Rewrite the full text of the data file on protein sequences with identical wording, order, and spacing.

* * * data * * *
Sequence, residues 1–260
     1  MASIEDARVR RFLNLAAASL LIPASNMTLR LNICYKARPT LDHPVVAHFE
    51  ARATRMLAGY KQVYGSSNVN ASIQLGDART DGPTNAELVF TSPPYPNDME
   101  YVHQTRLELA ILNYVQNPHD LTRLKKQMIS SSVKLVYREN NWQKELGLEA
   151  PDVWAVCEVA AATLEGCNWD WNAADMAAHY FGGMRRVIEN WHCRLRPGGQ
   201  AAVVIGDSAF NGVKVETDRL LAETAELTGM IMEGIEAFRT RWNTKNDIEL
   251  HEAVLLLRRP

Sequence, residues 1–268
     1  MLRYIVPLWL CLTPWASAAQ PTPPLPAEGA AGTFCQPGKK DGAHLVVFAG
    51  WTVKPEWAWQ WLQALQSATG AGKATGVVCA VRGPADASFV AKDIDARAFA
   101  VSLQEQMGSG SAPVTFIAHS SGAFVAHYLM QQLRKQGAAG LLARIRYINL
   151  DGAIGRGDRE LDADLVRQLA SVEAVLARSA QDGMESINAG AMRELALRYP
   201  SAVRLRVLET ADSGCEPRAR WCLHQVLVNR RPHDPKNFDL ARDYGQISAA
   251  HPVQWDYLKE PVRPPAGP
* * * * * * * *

Sequence, residues 1–260
     1  MASIEDARVR RFLNLAAASL LIPASNMTLR LNICYKARPT LDHPVVAHFE
    51  ARATRMLAGY KQVYGSSNVN ASIQLGDART DGPTNAELVF TSPPYPNDME
   101  YVHQTRLELA ILNYVQNPHD LTRLKKQMIS SSVKLVYREN NWQKELGLEA
   151  PDVWAVCEVA AATLEGCNWD WNAADMAAHY FGGMRRVIEN WHCRLRPGGQ
   201  AAVVIGDSAF NGVKVETDRL LAETAELTGM IMEGIEAFRT RWNTKNDIEL
   251  HEAVLLLRRP

Sequence, residues 1–268
     1  MLRYIVPLWL CLTPWASAAQ PTPPLPAEGA AGTFCQPGKK DGAHLVVFAG
    51  WTVKPEWAWQ WLQALQSATG AGKATGVVCA VRGPADASFV AKDIDARAFA
   101  VSLQEQMGSG SAPVTFIAHS SGAFVAHYLM QQLRKQGAAG LLARIRYINL
   151  DGAIGRGDRE LDADLVRQLA SVEAVLARSA QDGMESINAG AMRELALRYP
   201  SAVRLRVLET ADSGCEPRAR WCLHQVLVNR RPHDPKNFDL ARDYGQISAA
   251  HPVQWDYLKE PVRPPAGP